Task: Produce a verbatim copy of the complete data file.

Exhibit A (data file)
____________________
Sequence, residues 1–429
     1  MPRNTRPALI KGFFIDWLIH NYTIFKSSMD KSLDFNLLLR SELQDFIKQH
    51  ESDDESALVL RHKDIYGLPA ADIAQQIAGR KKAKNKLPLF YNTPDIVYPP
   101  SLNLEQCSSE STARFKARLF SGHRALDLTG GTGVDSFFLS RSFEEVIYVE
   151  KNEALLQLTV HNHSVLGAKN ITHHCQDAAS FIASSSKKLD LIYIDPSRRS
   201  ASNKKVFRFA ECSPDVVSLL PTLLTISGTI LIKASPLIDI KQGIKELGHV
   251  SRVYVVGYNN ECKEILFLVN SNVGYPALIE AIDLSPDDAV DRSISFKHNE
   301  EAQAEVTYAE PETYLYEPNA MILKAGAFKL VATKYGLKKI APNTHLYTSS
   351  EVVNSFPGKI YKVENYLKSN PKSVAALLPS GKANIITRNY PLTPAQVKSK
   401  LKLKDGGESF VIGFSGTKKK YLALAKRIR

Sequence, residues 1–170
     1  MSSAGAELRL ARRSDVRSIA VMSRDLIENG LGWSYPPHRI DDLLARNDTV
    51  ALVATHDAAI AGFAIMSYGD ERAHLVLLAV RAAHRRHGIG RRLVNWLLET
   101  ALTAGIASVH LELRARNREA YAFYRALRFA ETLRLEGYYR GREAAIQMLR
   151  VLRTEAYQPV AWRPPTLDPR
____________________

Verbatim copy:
Sequence, residues 1–429
     1  MPRNTRPALI KGFFIDWLIH NYTIFKSSMD KSLDFNLLLR SELQDFIKQH
    51  ESDDESALVL RHKDIYGLPA ADIAQQIAGR KKAKNKLPLF YNTPDIVYPP
   101  SLNLEQCSSE STARFKARLF SGHRALDLTG GTGVDSFFLS RSFEEVIYVE
   151  KNEALLQLTV HNHSVLGAKN ITHHCQDAAS FIASSSKKLD LIYIDPSRRS
   201  ASNKKVFRFA ECSPDVVSLL PTLLTISGTI LIKASPLIDI KQGIKELGHV
   251  SRVYVVGYNN ECKEILFLVN SNVGYPALIE AIDLSPDDAV DRSISFKHNE
   301  EAQAEVTYAE PETYLYEPNA MILKAGAFKL VATKYGLKKI APNTHLYTSS
   351  EVVNSFPGKI YKVENYLKSN PKSVAALLPS GKANIITRNY PLTPAQVKSK
   401  LKLKDGGESF VIGFSGTKKK YLALAKRIR

Sequence, residues 1–170
     1  MSSAGAELRL ARRSDVRSIA VMSRDLIENG LGWSYPPHRI DDLLARNDTV
    51  ALVATHDAAI AGFAIMSYGD ERAHLVLLAV RAAHRRHGIG RRLVNWLLET
   101  ALTAGIASVH LELRARNREA YAFYRALRFA ETLRLEGYYR GREAAIQMLR
   151  VLRTEAYQPV AWRPPTLDPR